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I have a degree in Business Administration. I have one year and a half of experience as an accounting analyst (where I live -not USA- people who have a degree in business have accounting jobs).

I discovered programming and liked it very much. I decided to change careers. My plan was to leave the job I had as an accounting analyst and learn programming on my own to become a freelance web developer. I resigned, started learning programming but realised freelancing was difficult (especially if you have never worked as a programmer).

I started studying Computer Science at university and now I am looking for my first programming job (where I live people work full time and study at university at the same time). There's a gap of more than one year where I was self learning programming. I made two websites that I uploaded to my personal website.

My question is: How can I describe that gap where I did not work because I was self learning programming? Should I tell my original plan (self learn programming, then start freelancing, realised freelancing was difficult)? What is the best way to tell this? Do you think I should get an accounting job now (because my work experience is related to that and because having no job is bad) now and then, in the future, change to a programming job? I have no expenses, I like with my family.

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    Would you mind giving more specific information about where you live, exactly? How to frame your history positively is very culture-dependent. – MY_G Apr 13 '16 at 15:34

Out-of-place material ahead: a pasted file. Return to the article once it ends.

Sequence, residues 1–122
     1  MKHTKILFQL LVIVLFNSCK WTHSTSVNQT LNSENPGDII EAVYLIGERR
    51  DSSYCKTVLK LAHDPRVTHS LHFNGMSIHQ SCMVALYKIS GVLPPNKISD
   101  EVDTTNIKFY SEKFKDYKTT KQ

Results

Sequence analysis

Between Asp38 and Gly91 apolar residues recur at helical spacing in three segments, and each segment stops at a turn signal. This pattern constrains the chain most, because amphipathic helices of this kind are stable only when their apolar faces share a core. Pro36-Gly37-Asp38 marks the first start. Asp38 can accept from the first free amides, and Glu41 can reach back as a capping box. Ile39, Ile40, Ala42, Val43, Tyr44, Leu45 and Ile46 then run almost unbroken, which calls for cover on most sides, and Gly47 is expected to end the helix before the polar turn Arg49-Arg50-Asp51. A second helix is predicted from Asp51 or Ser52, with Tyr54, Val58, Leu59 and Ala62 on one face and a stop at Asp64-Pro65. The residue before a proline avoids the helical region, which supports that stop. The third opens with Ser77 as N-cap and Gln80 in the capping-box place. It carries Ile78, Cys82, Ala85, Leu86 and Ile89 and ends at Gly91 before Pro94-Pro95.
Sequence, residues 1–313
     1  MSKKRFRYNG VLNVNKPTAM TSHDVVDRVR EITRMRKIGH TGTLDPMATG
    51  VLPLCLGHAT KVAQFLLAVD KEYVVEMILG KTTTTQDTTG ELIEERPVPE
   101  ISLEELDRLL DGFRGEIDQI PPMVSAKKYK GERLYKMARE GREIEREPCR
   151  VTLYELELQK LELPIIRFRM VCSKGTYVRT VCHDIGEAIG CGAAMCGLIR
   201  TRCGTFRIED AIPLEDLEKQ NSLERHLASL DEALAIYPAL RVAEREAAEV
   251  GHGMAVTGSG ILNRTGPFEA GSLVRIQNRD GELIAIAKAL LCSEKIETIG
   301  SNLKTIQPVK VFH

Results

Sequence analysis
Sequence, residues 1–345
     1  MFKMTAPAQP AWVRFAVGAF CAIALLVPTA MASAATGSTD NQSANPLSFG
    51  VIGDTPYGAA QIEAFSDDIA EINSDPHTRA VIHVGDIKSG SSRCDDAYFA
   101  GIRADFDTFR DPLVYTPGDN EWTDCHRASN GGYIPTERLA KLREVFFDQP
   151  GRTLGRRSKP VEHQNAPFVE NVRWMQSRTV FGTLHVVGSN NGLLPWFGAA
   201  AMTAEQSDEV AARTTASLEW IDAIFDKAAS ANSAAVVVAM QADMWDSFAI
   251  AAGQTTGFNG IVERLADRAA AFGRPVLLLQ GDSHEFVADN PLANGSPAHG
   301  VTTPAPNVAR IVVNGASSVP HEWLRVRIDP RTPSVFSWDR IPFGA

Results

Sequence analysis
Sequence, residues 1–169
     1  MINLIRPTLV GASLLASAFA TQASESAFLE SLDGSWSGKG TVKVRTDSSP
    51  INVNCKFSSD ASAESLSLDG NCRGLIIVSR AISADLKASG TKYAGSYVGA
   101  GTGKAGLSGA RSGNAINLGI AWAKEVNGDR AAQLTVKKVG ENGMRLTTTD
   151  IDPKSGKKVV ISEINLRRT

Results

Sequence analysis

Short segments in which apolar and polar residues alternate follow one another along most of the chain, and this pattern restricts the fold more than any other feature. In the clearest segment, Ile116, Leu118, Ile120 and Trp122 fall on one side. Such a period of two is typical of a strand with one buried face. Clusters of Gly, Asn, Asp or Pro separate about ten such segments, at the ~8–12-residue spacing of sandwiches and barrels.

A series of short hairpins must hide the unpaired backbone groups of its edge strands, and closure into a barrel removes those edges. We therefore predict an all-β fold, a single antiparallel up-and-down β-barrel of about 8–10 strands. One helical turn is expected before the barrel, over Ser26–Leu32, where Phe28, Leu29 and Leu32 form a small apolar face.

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In your interview you need to portray your original plan as spirited and driven but ultimately naive. You need to be able to show that you had specific goals in mind for self-study with the end purpose of starting your own business.

You don't want to use the word "hard" in an interview. As you gained more experience from your self-studies, you realized that your original plan was flawed and you would need more formal education in order to meet your end goals. To this end, you have enrolled in a university and are back on track to become a programmer. At this point, you feel you would benefit from more hands-on experience before attempting to again "break out on your own". Hence, the reason you are looking for a new job.

A description of what you did during the time as well as an introspective review of your year of unemployment will show that you were not just sitting around during this time frame. More important, it will also show that you learn from your mistakes and adjust plans in order to meet end goals. Self-determination is desirable in the workplace but foolhardiness is not... so you want to attempt to portray yourself as independent and self-reflective rather than idealistic and whimsical.

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    You may not want to say that you're taking the job as a stepping stone to what you really want to do. – Amy Blankenship Apr 13 '16 at 21:21